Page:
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Following on the Sea of Galilee

The Sea of Galilee is a freshwater lake located in Israel. It is unique for two reasons. First, sitting 700 feet below sea level, it is the lowest freshwater lake on earth. Second, and far more importantly, it serves as the backdrop for the public ministry of Jesus Christ.

Compared to the Mediterranean Sea, Galilee is tiny. Its surface area is just 64 square miles. Seneca Lake in New York has a surface area of 68 square miles. Because it sits so far below sea level, Galilee is surrounded by highlands that offer spectacular views of the entire pear-shaped lake.

Galilee is just 16 miles from Nazareth, the hometown of Jesus. It would be about an eight-hour trip by foot. I can imagine Jesus’ family taking special trips to the lake — much like we take special trips to the local lakes in our area. It was quaint, intimate, and serene.

After fasting for forty days in the wilderness, Jesus learned that John the Baptist had been imprisoned. He left His home in Nazareth and moved to the lakeside village of Capernaum, where He launched His public ministry.

It is along the shore of Galilee that He calls Peter, Andrew, James, and John. He travels throughout the region of Galilee, preaching and healing the sick. News travels fast, and soon crowds are gathering from everywhere. These were the crowds that followed Him up the mountain and were blessed to hear the Sermon on the Mount. Imagine the spectacular views they had of Galilee as He taught.

According to Matthew’s gospel, it is in the region of Galilee that Jesus spends the vast majority of His ministry. Other than a couple of brief excursions to other areas, Jesus ministered entirely in the area of Galilee before turning His face resolutely toward Jerusalem and the crucifixion.

According to John’s gospel, Jesus made one final trip to Galilee after His resurrection and before ascending into heaven. It is recorded in John 21. It was a powerfully intimate moment when Jesus restored Peter to his ministry.

Galilee is a prime example of God using the smallest and the least to accomplish His purposes. He did the same by choosing the tribe of Judah and the town of Bethlehem to host the birth of Jesus. We often think everything must be bigger to be better, but in Judah, Bethlehem, and Galilee, God demonstrated that small could be the most powerful. There’s a lesson in there for us Christians if we’re willing to see it.

As He traveled throughout Galilee, Jesus gave a simple invitation, “Follow me.” A few accepted His invitation, but most declined. They had good excuses — and so do we today. We have places to go, people to see, and treasure to find. Jesus’ call to “follow me” has always been most inconvenient. Doing so requires submission, sacrifice, and suffering — denying self and taking up a cross — and who would accept an invitation like that?

Jesus warned us that declining his invitation is dangerous. In Matthew 7:13-14, He declares, “Enter through the narrow gate. For wide is the gate, and broad is the road that leads to destruction, and many enter through it. But small is the gate and narrow the road that leads to life, and only a few find it.”

Simply put, following Him leads to life — and rejecting Him leads to destruction.

I’m guessing that some of you are put off and even offended by the stark options offered by Jesus. Hey, don’t shoot the messenger. I’m just letting you know what He said. What you do with it is up to you — and so are the consequences.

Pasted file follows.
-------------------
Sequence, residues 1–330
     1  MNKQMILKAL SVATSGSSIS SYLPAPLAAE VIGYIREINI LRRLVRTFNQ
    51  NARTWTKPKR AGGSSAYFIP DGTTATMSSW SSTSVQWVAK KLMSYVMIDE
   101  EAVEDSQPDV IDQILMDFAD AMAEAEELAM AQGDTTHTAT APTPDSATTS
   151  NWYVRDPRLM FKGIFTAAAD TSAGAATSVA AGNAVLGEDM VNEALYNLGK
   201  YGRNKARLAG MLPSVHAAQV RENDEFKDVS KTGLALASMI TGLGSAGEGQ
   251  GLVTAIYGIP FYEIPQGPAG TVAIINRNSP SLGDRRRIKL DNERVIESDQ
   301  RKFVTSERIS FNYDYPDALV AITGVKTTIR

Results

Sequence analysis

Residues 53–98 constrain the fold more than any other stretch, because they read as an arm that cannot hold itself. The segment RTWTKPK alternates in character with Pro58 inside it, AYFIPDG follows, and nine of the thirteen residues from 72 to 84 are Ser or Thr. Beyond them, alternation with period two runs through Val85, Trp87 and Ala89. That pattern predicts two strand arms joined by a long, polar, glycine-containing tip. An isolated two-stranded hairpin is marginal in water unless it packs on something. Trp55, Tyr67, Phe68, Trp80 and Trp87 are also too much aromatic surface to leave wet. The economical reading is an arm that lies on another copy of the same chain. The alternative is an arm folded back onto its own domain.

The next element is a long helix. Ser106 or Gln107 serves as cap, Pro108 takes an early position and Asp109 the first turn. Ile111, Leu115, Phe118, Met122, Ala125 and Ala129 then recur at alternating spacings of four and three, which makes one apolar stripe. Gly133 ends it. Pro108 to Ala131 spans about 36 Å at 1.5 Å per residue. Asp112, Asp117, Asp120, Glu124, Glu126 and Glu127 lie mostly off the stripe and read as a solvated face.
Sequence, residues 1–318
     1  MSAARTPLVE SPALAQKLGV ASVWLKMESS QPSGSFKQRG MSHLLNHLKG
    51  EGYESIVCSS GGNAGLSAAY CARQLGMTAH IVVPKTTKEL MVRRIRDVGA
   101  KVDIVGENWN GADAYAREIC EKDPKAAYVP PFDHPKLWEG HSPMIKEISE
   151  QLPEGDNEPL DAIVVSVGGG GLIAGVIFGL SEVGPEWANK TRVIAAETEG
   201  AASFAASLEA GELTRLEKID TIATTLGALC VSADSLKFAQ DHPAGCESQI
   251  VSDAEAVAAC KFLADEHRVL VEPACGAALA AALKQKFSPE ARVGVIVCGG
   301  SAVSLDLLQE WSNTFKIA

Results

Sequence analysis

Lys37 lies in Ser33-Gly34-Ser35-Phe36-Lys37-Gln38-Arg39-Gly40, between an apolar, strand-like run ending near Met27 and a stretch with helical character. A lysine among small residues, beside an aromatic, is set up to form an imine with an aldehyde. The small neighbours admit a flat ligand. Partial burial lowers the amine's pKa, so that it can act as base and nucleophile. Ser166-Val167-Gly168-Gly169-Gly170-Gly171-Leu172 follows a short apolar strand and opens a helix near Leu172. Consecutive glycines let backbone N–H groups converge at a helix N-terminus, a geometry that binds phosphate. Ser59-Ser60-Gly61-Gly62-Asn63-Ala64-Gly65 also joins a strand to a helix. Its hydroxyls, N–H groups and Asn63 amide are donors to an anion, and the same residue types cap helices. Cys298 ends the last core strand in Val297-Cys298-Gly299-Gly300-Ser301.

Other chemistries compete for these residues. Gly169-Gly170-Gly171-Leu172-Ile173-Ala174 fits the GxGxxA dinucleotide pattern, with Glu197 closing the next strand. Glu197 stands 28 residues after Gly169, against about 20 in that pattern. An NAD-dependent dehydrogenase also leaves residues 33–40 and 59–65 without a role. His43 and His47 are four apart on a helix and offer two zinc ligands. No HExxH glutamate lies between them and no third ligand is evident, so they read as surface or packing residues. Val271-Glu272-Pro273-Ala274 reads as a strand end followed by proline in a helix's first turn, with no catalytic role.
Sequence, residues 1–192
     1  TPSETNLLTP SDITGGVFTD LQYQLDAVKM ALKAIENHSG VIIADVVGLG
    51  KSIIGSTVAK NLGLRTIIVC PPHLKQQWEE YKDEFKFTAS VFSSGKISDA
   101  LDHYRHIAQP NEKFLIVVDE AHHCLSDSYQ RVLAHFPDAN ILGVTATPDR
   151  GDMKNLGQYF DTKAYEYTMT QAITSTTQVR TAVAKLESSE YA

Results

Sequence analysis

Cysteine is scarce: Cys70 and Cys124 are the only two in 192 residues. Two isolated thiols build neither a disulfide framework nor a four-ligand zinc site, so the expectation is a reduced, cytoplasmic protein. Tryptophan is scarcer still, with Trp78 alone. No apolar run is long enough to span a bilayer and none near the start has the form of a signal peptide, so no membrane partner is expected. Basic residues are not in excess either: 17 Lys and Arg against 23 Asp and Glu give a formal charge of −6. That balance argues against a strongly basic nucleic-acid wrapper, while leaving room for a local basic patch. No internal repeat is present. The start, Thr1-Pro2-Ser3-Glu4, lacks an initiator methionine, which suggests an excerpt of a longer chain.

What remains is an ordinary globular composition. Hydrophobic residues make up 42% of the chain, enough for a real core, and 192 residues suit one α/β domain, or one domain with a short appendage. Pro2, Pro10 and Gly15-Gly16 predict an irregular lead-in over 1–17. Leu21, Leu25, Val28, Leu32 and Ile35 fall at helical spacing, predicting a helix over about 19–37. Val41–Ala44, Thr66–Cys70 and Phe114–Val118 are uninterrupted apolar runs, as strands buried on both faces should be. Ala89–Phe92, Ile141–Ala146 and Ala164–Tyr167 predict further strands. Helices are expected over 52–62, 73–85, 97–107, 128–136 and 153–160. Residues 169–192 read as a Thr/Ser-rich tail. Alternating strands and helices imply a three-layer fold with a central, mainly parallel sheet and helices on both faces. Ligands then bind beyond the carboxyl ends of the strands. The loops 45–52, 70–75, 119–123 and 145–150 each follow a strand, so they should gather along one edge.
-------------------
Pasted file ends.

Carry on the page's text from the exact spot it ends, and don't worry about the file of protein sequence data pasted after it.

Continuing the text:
If you want to follow Him, then here’s how:

First, accept His call to follow. My friend, it won’t be easy, but it will be best. Jesus spoke of His call this way, “Whoever wants to be my disciple must deny themselves and take up their cross daily and follow me. For whoever wants to save their life will lose it, but whoever loses their life for me will save it.” Luke 9:23-24.

Be cautious of anyone who tells you that following Jesus will guarantee wealth, health, and success in this world. The promises of God are eternal and last forever. So, instead of getting caught up in the rotting and rusting stuff of this broken world, set your heart in eternity, where God’s blessings will last forever. Remember, where your treasure is, that’s where your heart will also be.

Second, be faithful in the little things. In Luke 16:10, Jesus says, “Whoever can be trusted with little can also be trusted with much.” For most of us, our entire lives will be filled with little things. We’ll never be famous or leave a lasting mark on history. No matter. God has already shown that He does His most powerful work in little places and through little people — just like you and me and Galilee. All He asks is that we be faithful in doing those little things to the very best of our ability. That’s what people do when they follow Jesus. If there’s something greater to be accomplished, God will bring it our way when the time is right. Until then, rejoice in the little things and do them well!

Third, start following today — regardless of the mistakes of the past. That’s the point Jesus was making to Peter in John 21 along the shore of Galilee. In the moment Jesus needed him the most, Peter denied he even knew Jesus. For Peter, it was a cowardly and unforgivable failure. That’s why he went back to fishing.

Do you have failures like that? Yeah, so do I. Thank God Jesus forgives us and sets us free. In fact, He even redeems our failures by using them to make us stronger and wiser. My friend, the past does not define you. Following Jesus requires that you look forward and leave the past behind. Today is your day to receive His grace and follow. Don’t wait another moment. Don’t let another excuse stop you. If you listen closely, you can still hear Him calling, “Follow me.” Do it.